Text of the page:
Here is a summary of the companies where jobs were created and others were lost in June 2019.
Based in Saskatoon, technology firm Vendasta has secured a $ 40 million investment from private equity funds, which will allow it to hire 350 new employees by the end of 2022. The Recruitment Process is already underway and will give priority to the inhabitants of the region.
Due to a number of departures last year, the Atikamekw community of Opitciwan, Quebec, is attempting to fill some 30 teaching and staff positions for its elementary and secondary schools. In order to achieve this, Christian Awashish, head of the Atikamekw Council of Opitciwan, will offer a base salary of $ 57,000. This salary will be accompanied by a remission allowance of $ 5,000 per year.
To help more Laurentian children in need, the Laurentides Integrated Health and Social Services Center (CISSS) announced the opening of 165 new positions at its Youth Protection Branch (DYP). Many of these positions will initially be filled internally.
The Government of Canada has provided $ 365,000 in funding to Industry PHD, a Chicoutimi metal processing company. This amount will increase the company’s productivity by modernizing its operations. The project, which will total an investment of $ 900,000, will create four new jobs.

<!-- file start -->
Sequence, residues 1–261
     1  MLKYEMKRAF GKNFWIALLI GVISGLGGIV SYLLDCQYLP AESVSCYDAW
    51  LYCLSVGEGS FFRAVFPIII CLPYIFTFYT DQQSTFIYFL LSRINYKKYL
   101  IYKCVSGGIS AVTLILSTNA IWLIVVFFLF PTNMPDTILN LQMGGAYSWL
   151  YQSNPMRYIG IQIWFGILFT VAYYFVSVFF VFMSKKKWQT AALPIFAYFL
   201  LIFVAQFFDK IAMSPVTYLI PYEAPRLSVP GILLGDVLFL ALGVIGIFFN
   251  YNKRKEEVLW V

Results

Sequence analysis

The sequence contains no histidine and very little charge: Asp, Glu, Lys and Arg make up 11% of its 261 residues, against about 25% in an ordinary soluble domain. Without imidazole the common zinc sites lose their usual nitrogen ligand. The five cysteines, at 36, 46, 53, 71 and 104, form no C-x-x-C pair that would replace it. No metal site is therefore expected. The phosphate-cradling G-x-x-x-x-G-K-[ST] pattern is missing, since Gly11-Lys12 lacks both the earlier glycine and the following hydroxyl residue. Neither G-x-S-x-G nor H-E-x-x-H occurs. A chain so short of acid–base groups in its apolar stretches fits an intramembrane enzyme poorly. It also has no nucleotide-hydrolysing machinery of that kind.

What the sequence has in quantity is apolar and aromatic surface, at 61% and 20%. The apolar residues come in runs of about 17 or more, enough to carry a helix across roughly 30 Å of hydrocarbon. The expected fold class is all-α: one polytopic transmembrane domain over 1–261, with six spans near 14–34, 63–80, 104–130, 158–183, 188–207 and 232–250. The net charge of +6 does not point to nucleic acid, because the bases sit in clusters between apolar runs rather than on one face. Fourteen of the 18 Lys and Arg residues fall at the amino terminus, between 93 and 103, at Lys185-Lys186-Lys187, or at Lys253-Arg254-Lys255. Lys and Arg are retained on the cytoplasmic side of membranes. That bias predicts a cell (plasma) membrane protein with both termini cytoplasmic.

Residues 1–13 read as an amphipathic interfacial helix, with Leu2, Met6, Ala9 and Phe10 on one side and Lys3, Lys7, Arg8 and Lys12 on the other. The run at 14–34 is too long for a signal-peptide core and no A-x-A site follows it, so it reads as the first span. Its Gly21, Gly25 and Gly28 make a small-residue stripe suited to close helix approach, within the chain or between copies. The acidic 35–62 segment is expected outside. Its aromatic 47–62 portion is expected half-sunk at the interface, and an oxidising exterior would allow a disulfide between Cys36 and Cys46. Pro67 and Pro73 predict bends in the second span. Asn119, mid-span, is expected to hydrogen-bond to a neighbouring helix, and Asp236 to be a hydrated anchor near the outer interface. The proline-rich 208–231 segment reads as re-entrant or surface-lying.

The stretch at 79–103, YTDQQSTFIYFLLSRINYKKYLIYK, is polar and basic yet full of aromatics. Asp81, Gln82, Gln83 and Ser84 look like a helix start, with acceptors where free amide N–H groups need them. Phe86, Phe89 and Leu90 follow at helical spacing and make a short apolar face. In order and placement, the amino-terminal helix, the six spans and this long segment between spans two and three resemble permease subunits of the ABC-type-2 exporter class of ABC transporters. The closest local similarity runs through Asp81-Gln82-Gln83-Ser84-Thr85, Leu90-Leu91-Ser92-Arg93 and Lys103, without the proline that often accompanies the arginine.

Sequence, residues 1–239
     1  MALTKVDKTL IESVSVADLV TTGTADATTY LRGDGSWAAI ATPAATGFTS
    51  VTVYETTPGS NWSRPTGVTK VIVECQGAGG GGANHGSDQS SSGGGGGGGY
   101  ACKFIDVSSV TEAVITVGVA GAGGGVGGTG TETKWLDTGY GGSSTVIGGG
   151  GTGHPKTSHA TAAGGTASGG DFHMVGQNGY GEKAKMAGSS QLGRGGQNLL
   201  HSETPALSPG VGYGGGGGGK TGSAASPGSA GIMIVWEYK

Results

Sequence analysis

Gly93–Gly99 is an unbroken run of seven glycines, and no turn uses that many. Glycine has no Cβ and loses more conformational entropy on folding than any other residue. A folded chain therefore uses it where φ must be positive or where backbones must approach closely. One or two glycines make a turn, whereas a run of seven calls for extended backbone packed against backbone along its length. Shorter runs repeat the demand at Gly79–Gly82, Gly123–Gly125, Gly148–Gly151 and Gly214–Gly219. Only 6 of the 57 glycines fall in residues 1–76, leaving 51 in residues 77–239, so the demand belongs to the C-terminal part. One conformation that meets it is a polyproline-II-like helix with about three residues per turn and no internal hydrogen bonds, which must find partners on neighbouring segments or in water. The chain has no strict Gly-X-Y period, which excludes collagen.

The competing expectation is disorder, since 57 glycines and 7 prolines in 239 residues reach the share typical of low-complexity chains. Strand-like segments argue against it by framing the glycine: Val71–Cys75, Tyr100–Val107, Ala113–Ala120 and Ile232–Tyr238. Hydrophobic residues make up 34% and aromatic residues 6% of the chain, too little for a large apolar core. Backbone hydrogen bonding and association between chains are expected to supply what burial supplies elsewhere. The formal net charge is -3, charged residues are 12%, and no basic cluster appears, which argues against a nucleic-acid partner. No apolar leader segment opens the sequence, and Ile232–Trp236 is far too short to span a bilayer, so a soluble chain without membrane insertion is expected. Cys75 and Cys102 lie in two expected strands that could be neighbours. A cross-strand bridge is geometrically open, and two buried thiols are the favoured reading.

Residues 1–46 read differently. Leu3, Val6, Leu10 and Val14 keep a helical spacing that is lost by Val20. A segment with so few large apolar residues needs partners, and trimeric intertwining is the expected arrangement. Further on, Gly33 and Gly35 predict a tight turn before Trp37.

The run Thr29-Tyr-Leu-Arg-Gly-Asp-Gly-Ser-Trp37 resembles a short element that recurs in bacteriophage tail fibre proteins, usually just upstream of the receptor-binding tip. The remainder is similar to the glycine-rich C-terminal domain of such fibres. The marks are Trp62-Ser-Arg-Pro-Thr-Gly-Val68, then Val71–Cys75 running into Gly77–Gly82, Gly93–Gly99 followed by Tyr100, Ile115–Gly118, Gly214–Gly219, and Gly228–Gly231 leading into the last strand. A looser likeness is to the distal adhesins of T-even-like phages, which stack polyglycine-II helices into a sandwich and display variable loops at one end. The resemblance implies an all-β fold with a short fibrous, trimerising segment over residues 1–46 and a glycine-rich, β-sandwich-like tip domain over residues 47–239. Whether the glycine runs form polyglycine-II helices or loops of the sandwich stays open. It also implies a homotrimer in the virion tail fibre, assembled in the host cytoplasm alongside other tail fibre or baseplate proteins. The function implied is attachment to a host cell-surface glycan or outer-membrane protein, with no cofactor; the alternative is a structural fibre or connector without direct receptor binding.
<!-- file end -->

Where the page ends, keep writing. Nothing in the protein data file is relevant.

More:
Despite several claims from Amazon employees in Germany, the online sales giant will open a new warehouse in Poland, at the German and Czech borders. This new facility will allow the company to offer 1,000 new jobs.
Metrolinx’s BiLevel two-tier cars and Toronto Transportation Commission (CTT) trams at Bombardier will be completed in early November. As a result, no less than 550 employees will lose their jobs at the plant in Thunder Bay, Ontario. The company is trying every means to reassign them to another city where they can work.
Due to a lack of qualified personnel, Strait Air must end its activities in the Lower North Shore. Between 25 and 30 people will lose their jobs. Aurèle Labbé, owner of the company, ensures that if he finds qualified pilots, activities will resume.
In response to rising production costs and weak sales of new vehicles, automaker Ford has been forced to eliminate 200 substations at its assembly plant in Oakville, Ontario. Ontario Economic Development, Job Creation and Trade spokesperson Robert Gibson says the company has already made arrangements to help families affected by the change.
China’s technology giant Huawei has announced that it will cut hundreds of jobs at its US subsidiary, amidst strong tensions between China and the United States. Positions in Canada would not be affected. On the contrary, hiring is planned.
Nissan’s auto giant has announced it will cut 12,500 jobs worldwide, more than double what has been announced so far. Nissan, which has struggled in the United States, reported lower sales in Europe, Asia and Oceania, Latin America, the Middle East and Africa. The company will reduce its production capacity and the number of models it will produce by 10% by the end of 2022.